Tom Fazio says it’s shocking that a golf course even exists on the Las Vegas Strip, and he’s the one who built the unlikely oasis in the Wynn Las Vegas’s backyard. Built and rebuilt it, actually. After getting a chance to play the second-coming of the reinvented Wynn Golf Club, it’s tough to disagree.
You’d be hard-pressed to find a better example in the golf world of the dirt itself being worth more than the grass, which is why the property was earmarked for development when it closed at the end of 2017. The pristine fairways and greens Fazio created in 2005 were to be bulldozed in favor of Wynn Paradise Park, a $3 billion project with plans that included a 38-acre lagoon and white-sand beach for water activities, a 1,000-room hotel tower, a new convention center, and multiple dining and nightlife options.
But now, high-end golf is back on the Vegas Strip. Wynn Resorts realized it had lost more than revenue from 16,000 annual rounds with the closure of its Fazio course, which actually traces its roots further back to the 1950s and the old Desert Inn days. Wynn also lost as much as $15 million in domestic casino business, as the high-rollers who came to Las Vegas for golf trips or to squeeze in a unique escape from the hustle and bustle of downtown were opting to go elsewhere.
Fazio and his son, Logan, were brought back to reimagine the course after the property was tightened to 129 acres to make room for 400,000 square feet of new convention space as well as pavilion for entertainment events. The course was shortened by about 300 yards and is now a par-70 layout that can play from 4,810 yards to 6,722 yards. Ten of the holes were revamped and eight of the holes are completely new, most notably the 18th.
Formerly a par four, the 18th is now the most impressive of six dramatic par-three holes at the Wynn. The first par-three finisher ever on a Tom Fazio-designed course, the 18th stretches to a whopping 250 yards from the back tee and plays at around 200 yards from the resort tees that most guests will use. In the nation’s gambling mecca, many heated matches will no doubt come down to this memorable finishing hole, which features a waterfall behind the green that’s 35 feet tall and 100 feet wide. There’s also the potential of a prize up to $20,000 for anyone who makes a hole-in-one.
It’s a fitting finish to a surreal experience. And make no mistake, that’s exactly what playing golf at the Wynn is, as you’re treated throughout to views of the surrounding hotels and casinos just outside the golf oasis, not to mention the 550-foot tall Ferris wheel known as the High Roller. At the same time, the course feels like a complete escape, with idyllic streams, around 7,000 mature trees, and more than 100,000 shrubs. The holes have an intimate feel to them, framed in by rolling hills and pine trees that, for most of the round, give you the feel of being in North Carolina instead of Nevada.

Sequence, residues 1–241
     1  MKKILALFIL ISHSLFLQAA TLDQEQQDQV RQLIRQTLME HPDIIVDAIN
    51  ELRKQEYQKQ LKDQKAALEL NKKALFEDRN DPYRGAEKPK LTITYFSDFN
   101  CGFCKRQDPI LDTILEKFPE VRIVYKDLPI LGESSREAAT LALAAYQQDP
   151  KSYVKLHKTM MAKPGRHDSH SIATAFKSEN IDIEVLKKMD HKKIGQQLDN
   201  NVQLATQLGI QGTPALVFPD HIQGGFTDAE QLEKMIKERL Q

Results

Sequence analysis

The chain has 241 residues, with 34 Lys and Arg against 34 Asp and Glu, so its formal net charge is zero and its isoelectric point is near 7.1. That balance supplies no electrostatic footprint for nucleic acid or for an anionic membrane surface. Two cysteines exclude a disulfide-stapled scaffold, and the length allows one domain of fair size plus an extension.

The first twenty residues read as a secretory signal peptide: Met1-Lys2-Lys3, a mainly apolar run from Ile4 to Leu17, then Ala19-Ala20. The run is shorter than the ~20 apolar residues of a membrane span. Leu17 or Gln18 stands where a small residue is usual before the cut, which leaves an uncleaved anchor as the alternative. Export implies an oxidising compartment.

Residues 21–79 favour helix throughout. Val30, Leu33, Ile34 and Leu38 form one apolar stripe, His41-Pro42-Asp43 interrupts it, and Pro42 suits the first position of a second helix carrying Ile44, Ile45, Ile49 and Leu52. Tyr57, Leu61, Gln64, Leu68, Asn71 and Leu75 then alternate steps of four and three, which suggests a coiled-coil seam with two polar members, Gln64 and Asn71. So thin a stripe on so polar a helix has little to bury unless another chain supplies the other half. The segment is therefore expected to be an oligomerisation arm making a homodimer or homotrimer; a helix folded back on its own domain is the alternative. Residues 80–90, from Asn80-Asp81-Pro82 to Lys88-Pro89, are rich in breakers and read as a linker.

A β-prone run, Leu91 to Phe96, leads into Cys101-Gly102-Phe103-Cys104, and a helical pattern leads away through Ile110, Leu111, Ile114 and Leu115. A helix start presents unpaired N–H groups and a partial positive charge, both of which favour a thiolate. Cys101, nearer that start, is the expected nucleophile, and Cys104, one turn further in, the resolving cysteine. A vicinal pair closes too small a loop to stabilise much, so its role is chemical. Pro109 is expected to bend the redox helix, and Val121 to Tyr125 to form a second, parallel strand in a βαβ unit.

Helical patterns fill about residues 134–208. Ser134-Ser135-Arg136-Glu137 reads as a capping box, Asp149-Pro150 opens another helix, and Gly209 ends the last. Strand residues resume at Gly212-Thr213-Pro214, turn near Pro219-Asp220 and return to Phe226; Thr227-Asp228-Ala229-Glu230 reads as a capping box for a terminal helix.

This is Las Vegas, so you’ll pay for the experience, of course. The in-season rate is $550 USD, one of the highest playing fees in the game.
It’s not for everyone, clearly, but it’s important to keep that cost in the proper context—no different than the shows, rooms, gambling, and fine dining that visitors also enjoy when coming to Vegas. At that price, there are also plenty of add-ons to make you feel like a high-roller: attentive locker room attendants and staff, plush golf carts loaded with water, sports drinks, and sodas, and a professional-grade caddie staff with men and women who are experienced players themselves, many at a competitive level. The caddie in our group, John, competed on mini tours and is among 11 former Wynn loopers who returned when the course re-opened.
As for the course itself, it’s immaculate, with barely a blade of grass out of place and perfect greens that roll fast, smooth, and true.
If guests need to rent clubs, that too is included in the fee. And as Brian Hawthorne, the Wynn’s Executive Director of Golf Operations, is quick to note, “If you keep somebody from gambling for four and a half hours, we might be saving people money.”
For Fazio, the price has to take into account the value of the real estate and the cost to build and maintain a high-end course on the Las Vegas Strip.
“It’s one-of-a-kind, unique, maybe never-to-be-duplicated again in that kind of location,” Fazio says. “That’s what makes it so special.”
So, will the Wynn Golf Club close again someday?
Fazio says he honestly doesn’t know. He’s just happy it’s back. Golfers should be too, even if it’s just one for the bucket list or, you know, when you hit it big in Vegas.
Have you played Wynn Las Vegas?